That's something that I can do because at a literacy teacher, I deal in love. I deal in hate. And I deal in story telling. And I deal in redemption. So we sat, and I'm like, dude what do you want me to do? What can we do together? I didn't know it at the time, but that was a really powerful question for Earl. Earl was like, no one's ever asked me what I wanted to do, and how they could work for me. I don't know if you can change my dad, but I want you to show him some of the cool things that I do.
Brett: What is your action plan in that moment? Do you feel you need to run out the door that second? Do you sit down and map this out with Earl? How did you approach that?
Cornelius: At the heart of teacher advocacy, I think the action plan is always listen to the kid. So, I tried to identify what he wanted, and then what I could do to get him closer to that goal. The guidance counselor was already doing a lot. The principal was already doing a lot. And again, I'm the literacy teacher, so I'm like, you know, you want your dad to love you and I can't move that mountain, but again, he was just like, I think my dad will start to come around if he's reminded of all the cool things that I'm doing. I'm like, that I can do. You've written hundreds of stories for me. That I can do. You've read tons of books. That I can do. Your essays are brilliant.
So really, the action plan is to co-create. I think as a reading teacher, or a writing teacher, I'm used to co-creation in small groups. I'm used to co-creation in conferences. I'm used to co-creation in my mini lessons. So, we take what we already know, and we just apply it to the human condition.
Brett: How did that go?
Cornelius: You know, the thing about life is it's complicated. I think it's important to say that happy endings exist in movies, and life has really messy endings.
Earl and his dad are still in a complicated place, but I think the number one thing that it did for Earl is he saw that I was willing to fight for him. I think what's important, is that you engage in the fight, even if you lose.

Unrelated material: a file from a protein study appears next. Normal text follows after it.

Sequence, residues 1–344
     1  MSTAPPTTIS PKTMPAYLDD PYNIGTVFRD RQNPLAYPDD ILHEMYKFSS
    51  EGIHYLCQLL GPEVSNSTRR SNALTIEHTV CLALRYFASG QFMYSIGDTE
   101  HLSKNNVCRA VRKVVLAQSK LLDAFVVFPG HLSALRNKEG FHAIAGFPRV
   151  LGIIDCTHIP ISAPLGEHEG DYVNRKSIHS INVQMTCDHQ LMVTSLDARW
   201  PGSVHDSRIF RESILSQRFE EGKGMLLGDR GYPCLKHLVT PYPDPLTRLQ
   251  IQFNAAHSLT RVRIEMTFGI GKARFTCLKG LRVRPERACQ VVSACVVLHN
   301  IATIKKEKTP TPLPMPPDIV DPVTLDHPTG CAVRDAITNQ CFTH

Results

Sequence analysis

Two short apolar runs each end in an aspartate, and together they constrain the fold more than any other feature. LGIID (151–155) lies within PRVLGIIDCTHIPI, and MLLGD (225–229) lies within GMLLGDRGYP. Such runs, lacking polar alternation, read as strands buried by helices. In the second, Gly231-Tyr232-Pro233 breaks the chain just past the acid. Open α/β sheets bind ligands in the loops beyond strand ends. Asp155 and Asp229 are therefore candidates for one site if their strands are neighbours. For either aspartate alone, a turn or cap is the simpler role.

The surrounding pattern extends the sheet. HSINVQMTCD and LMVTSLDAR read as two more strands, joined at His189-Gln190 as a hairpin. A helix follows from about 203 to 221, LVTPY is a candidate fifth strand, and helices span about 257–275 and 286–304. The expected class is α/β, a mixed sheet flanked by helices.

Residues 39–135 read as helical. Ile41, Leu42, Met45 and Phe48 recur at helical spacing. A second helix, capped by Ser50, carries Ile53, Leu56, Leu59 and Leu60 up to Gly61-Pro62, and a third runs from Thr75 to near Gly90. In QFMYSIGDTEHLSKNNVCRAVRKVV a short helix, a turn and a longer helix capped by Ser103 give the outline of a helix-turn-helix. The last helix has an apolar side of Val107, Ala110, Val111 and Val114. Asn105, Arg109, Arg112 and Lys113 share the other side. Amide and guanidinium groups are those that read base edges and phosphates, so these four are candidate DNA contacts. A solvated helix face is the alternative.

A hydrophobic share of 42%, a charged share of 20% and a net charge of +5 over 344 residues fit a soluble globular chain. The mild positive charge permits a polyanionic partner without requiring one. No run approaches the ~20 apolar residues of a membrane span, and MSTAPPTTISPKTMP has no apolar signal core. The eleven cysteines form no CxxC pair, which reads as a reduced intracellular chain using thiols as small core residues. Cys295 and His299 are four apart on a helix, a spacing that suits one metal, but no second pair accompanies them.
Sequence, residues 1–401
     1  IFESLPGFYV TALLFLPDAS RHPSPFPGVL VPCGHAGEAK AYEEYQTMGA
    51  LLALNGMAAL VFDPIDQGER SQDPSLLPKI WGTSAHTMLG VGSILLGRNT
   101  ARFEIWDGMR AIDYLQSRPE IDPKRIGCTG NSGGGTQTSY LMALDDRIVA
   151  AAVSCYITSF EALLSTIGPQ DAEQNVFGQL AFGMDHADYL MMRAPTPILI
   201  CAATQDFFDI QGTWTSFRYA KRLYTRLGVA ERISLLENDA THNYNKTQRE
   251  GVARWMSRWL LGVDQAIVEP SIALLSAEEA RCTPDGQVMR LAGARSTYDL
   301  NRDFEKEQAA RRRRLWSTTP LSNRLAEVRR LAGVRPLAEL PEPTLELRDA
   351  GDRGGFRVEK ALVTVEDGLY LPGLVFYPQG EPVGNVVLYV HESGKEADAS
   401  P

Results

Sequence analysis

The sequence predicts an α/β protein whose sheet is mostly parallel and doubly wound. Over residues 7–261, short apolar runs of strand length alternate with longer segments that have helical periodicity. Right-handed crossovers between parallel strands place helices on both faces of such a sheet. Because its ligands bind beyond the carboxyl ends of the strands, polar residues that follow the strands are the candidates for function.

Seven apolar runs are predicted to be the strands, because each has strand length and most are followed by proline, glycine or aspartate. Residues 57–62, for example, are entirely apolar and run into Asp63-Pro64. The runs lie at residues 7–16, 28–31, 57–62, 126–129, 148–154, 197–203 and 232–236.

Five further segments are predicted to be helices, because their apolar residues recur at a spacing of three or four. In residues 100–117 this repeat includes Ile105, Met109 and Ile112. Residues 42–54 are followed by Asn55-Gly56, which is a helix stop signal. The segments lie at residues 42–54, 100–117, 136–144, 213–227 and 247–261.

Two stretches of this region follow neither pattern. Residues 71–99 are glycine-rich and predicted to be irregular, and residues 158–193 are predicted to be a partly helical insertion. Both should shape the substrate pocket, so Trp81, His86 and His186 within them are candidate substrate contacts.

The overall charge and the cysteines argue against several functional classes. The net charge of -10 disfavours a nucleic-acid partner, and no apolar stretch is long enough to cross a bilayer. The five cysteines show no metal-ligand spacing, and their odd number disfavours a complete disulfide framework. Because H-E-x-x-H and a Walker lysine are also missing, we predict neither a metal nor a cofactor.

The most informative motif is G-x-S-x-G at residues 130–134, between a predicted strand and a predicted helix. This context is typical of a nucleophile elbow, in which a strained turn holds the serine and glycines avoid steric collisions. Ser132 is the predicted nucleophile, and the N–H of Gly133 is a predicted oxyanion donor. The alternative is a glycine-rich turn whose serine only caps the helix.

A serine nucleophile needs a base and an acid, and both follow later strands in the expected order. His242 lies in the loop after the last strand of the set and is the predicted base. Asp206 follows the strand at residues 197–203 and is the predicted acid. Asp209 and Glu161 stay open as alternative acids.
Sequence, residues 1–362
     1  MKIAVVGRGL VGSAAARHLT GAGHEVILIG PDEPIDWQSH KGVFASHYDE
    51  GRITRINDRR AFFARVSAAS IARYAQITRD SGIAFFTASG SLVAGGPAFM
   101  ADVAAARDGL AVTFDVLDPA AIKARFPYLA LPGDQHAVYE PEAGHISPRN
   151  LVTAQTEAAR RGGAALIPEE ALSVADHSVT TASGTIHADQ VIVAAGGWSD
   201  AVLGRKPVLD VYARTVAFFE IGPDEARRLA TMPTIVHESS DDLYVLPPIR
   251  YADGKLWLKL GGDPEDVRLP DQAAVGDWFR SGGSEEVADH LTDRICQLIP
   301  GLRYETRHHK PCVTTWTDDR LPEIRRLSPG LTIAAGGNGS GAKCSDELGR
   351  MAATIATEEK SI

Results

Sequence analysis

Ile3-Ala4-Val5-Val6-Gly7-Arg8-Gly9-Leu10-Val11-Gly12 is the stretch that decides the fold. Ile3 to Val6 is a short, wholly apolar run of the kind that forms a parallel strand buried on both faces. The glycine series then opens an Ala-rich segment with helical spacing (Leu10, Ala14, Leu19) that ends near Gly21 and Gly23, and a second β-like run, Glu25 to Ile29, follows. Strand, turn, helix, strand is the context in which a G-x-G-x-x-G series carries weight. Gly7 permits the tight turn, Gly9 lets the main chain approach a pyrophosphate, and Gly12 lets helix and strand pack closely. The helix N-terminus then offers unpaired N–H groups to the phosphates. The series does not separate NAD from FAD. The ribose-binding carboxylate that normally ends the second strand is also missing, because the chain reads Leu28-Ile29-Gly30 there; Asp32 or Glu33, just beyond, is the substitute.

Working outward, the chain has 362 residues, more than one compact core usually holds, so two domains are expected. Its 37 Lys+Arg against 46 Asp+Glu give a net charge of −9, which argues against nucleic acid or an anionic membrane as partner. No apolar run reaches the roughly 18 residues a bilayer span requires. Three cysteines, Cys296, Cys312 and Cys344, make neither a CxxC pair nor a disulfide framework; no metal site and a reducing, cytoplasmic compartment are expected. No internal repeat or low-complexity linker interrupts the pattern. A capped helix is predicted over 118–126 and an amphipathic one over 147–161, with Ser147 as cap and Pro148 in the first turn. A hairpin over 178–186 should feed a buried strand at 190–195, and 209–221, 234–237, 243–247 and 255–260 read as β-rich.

Brett: What message ... I mean, I'm sure there's a teacher listening to this that is thinking, I don't know what I would do in that situation. I don't know that I would want to step out of the classroom, and I'm happy to speak with the student, happy to have that moment with them in the classroom, but to go beyond that and talk to the parents and try to step in, in that advocacy roll ... What could you tell them to encourage them to take that step?
Cornelius: Three big things have been really helpful for me. A, organizations. The national PTA, amazing. Like, amazing. They have tons of resources to support gay and lesbian kids. They have tons of resources to support teachers who want to support kids. They have tons of resources to help you talk to parents. So the PTA ... amazing. Just knowing that I'm not the only one thinking about this. I think so many times when people come to us, it feels really, like, I am lonely. I am hearing this kid, and I've got to carry this thing. So, even though I'm in a school with lots of other professionals, in that moment, it feels like you're the only one. I'm certain teachers are listening to this podcast thinking that.
Knowing there are organizations. There are also tons of organizations, both locally and nationally, that serve children that deal with homelessness, that deal with depression, that deal with talking to your parents. So, having local organizations has also been really helpful as well.
The second thing that's been really big for me ... and this is kind of a surprise ... but, working with guidance counselors to rehearse hard conversations. I remember leaving after we talked with Earl and Earl went home, the guidance counselor kept me in the office, and she was like, well, you know, you did a good job. Thank you, Mr. Miner. But next time something like that comes up, here are some things that you can do, here's some things that you can say. And then we roll-played it.
So, that you sit with your guidance counselor. We did it in, like, 10 minutes. It wasn't even long. But that she was just like, kids are going to say things, and because now they know you're safe, because Earl has had this conversation with you, these conversations will probably start happening more frequently to you, because now the word is out that you're that person. Knowing that I didn't have to be an expert. That there's a person in my building who can help me was a big thing. I know this sounds silly, but I sit with the guidance counselor from time to time and I rehearse a conversation that I need to have with a kid later on, or that I rehearse a conversation I need to have with a parent later on.